Stock is a capital asset - hold it for more than a year before a sale and you get long term capital gain with a tax rate much more favorable than ordinary income.  So why did a court hold that a majority of proceeds arising from a stock sale were ordinary income? Because of a combination of poor drafting, poor reporting and some unhelpful facts.

In Brinkley v. Commissioner, 116 AFTR 2d 2015 (5th Cir. 2015), an individual owned stock in a corporation being acquired by Google. As part of the deal, Google also wanted this shareholder to become its employee. In the merger, Google paid him a lump sum that was more than the deal's per share value. The selling shareholder wanted to treat the entire lump sum as capital gain. What went wrong? The court observed a few things that may have been handled differently.

First, the court considered three drafts of a letter agreement with the shareholder for the transaction, two of which weren't helpful for an all capital gain characterization. The first draft referenced a lump sum payment that it said consisted of both cash for shares and compensation. This description caused the shareholder to bring in tax attorneys who negotiated a redraft which said the consideration was all for the shares. Unfortunately, this second version - which was helpful - was never signed. Then a third re-draft surfaced stating that the payment was for (i) the exchange of shares, and (ii) the execution of an employee offer letter. This less helpful version, unfortunately, got signed.

  • It's worth noting that the court (and the IRS, for that matter) didn't limit its review solely to the signed agreement. It took into account earlier drafts, although it placed more weight on the signed version.

Second, the company reported over half the lump sum payment as compensation on a Form W-2. The tax lawyers threatened to sue unless the amount reported on the W-2 was corrected to show all of the payment as a capital transaction. The company never responded to the threat, and no suit was filed. The selling shareholder filed his 1040 inconsistently with the W-2, reporting all of the proceeds as in exchange for stock on Schedule D.

  • It's worth noting that these inconsistent filing positions virtually guaranteed an IRS review.

Finally, the merger agreement included schedules identifying the selling shareholder as a recipient of deferred compensation and referencing the letter agreement as a "deferred compensation plan." The selling shareholder read the merger agreement in draft without schedules, but signed a document saying he had read the agreement and agreeing to be bound by its terms.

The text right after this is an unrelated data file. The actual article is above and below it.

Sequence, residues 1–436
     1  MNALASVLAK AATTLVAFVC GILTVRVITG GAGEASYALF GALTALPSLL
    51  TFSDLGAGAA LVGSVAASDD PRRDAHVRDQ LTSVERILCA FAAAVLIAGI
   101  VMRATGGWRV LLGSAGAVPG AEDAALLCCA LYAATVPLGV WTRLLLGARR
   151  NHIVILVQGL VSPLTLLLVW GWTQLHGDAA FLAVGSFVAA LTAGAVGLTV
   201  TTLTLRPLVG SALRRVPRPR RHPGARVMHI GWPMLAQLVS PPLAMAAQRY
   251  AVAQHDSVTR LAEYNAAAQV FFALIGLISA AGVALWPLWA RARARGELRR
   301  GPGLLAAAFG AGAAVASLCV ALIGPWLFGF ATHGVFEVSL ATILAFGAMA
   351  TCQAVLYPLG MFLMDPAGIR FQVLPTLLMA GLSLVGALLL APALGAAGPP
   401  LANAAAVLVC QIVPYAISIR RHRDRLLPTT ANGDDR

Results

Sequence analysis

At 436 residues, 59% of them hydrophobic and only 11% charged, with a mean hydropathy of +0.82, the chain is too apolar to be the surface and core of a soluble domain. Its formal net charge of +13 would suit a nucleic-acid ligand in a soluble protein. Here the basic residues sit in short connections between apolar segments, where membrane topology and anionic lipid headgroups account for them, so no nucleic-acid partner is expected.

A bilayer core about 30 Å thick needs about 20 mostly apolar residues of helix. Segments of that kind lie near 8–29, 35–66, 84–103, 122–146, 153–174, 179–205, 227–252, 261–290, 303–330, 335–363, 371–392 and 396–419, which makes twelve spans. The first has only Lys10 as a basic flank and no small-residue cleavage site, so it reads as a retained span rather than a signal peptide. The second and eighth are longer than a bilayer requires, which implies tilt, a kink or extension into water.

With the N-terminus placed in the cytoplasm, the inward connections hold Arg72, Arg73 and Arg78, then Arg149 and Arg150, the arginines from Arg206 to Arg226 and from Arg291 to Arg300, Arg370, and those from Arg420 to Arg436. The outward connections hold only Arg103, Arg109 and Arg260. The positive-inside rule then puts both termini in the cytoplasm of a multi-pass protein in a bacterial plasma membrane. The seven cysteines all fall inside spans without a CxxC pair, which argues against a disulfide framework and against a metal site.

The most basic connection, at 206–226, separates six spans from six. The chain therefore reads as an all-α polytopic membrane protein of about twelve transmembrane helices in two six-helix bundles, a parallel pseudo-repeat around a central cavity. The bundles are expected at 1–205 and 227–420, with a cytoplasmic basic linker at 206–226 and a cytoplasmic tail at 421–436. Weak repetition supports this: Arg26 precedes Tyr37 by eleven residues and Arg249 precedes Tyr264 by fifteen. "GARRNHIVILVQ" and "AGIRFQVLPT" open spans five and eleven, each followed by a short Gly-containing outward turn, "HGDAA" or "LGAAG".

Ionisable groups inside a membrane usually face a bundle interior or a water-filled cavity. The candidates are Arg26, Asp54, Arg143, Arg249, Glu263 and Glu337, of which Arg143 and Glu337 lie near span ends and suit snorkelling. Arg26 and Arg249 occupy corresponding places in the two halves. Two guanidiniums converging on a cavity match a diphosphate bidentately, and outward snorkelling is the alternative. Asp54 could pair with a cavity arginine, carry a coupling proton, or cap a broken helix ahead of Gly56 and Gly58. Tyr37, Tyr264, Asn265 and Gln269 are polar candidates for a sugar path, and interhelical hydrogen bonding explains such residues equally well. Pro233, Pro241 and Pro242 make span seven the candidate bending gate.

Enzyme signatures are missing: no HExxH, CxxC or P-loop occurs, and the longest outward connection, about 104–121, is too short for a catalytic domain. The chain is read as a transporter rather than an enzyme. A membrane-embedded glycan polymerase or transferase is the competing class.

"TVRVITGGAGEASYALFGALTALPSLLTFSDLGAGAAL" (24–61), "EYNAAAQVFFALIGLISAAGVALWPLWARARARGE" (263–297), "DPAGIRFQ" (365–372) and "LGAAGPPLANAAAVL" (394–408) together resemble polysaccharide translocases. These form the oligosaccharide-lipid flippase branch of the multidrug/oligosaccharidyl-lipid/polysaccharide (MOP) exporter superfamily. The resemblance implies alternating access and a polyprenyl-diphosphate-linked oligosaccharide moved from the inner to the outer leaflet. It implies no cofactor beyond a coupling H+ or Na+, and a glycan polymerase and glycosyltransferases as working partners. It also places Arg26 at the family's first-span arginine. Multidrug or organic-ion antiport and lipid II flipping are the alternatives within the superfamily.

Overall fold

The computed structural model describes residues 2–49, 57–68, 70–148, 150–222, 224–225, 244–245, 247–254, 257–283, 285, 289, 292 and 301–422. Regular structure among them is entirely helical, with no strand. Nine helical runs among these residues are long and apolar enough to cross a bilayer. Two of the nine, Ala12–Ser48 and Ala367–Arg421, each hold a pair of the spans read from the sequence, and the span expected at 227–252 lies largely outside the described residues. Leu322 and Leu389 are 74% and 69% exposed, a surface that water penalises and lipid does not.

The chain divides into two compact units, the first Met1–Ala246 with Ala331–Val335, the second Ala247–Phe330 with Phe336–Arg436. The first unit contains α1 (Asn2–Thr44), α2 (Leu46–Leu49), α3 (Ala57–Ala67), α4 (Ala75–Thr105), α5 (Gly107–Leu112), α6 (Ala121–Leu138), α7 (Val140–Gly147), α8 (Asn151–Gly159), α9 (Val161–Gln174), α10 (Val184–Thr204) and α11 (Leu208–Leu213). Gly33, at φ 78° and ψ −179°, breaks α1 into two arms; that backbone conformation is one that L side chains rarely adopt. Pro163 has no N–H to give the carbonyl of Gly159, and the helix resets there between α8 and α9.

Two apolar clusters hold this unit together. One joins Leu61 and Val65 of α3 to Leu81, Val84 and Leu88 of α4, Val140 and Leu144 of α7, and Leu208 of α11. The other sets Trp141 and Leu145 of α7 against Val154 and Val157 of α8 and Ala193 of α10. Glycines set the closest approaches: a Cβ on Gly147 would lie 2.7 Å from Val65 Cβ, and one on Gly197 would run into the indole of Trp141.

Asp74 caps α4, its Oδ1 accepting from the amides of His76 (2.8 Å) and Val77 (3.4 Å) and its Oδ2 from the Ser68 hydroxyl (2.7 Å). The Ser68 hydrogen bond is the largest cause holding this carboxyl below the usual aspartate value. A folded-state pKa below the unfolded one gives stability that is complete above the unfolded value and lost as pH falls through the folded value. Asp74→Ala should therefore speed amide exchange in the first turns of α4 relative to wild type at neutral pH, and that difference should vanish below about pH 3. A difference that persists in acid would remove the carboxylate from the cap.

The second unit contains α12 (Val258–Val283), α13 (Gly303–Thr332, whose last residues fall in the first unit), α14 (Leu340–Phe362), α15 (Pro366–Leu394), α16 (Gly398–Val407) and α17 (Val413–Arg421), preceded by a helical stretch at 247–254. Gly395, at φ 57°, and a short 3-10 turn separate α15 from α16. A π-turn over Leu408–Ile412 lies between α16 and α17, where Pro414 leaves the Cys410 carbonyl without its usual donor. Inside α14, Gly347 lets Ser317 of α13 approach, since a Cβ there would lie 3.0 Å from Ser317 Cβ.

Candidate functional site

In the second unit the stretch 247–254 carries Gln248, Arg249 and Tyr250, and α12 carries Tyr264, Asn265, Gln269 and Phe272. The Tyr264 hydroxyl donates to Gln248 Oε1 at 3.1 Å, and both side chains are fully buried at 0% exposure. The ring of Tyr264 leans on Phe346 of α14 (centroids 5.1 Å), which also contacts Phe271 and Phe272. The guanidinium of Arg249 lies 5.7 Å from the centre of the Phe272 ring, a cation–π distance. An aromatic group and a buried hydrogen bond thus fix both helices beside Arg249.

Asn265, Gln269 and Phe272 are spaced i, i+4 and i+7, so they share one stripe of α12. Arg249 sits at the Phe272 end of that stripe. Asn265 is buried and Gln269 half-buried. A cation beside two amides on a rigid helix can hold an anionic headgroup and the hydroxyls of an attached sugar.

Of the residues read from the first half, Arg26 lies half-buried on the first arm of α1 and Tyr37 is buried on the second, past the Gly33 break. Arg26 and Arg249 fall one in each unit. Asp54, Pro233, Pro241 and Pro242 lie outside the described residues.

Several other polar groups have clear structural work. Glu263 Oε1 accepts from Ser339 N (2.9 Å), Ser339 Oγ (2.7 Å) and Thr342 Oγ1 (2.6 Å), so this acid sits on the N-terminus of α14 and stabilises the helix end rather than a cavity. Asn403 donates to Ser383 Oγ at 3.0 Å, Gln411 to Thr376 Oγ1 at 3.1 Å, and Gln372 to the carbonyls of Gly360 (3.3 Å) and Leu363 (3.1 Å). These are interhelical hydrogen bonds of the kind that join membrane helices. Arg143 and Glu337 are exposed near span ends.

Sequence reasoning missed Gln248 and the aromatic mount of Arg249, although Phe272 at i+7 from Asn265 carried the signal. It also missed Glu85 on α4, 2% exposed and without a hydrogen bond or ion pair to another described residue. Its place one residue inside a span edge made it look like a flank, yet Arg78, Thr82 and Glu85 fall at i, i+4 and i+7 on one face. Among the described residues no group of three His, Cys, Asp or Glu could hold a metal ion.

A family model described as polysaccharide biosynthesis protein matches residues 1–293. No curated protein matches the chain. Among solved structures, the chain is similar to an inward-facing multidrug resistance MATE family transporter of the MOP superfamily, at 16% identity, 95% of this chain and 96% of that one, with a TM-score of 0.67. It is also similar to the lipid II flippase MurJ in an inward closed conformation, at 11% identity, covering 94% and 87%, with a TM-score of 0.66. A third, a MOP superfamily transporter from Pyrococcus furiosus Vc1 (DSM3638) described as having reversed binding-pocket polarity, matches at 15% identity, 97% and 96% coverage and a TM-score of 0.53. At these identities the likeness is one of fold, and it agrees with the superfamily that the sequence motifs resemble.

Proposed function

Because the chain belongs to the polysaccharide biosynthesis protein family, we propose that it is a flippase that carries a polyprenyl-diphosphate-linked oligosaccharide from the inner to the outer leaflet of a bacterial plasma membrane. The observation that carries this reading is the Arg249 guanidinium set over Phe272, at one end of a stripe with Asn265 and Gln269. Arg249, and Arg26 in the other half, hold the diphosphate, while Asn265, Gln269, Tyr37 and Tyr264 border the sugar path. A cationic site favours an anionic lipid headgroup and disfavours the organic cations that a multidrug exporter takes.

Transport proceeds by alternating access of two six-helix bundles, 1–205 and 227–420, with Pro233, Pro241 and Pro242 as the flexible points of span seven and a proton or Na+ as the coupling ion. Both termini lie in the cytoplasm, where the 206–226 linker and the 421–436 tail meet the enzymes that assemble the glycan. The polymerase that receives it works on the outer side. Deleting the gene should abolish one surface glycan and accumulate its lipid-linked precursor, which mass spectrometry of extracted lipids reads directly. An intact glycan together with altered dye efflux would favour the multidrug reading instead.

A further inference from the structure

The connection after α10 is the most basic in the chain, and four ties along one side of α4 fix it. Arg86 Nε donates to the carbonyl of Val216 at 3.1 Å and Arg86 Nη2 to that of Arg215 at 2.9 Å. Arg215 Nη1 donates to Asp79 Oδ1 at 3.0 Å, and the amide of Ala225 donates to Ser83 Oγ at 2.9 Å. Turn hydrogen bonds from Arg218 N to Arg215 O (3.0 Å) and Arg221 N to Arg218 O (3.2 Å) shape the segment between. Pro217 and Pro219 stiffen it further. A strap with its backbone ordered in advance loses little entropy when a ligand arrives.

The court was persuaded that the IRS correctly characterized the portion of payment reported on the Form W-2 as ordinary income.

How could the seller's desired tax characterization have been improved?

  • All of the documentation (including early drafts) should have reflected that the consideration was all for stock. This includes not only the letter agreement, but the merger agreement and its schedules.
  • Better yet, the documentation should have included a good reason why the selling shareholder got more money per share value than the deal's per share value (other than because of his employee status, assuming there was one). 
  • The agreements definitely should have required all the parties to report payments made to the selling shareholder as 100% in exchange for the stock. Everyone knows up front the payment will get reported one way or the other - why not provide for how that happens in the agreements?  Once the W-2 is issued, the cat's out of the bag and it's a difficult and uphill battle to recharacterize.

None of this is to say that compensation should ever be misreported. If in fact some of the lump sum payment was compensation, then it's best to provide for that straight up in the agreements. Specify the amount of the compensation, and how it will be reported. It's better to have those discussions in the context of negotiations, before information reports are issued, so there are no surprises down the road.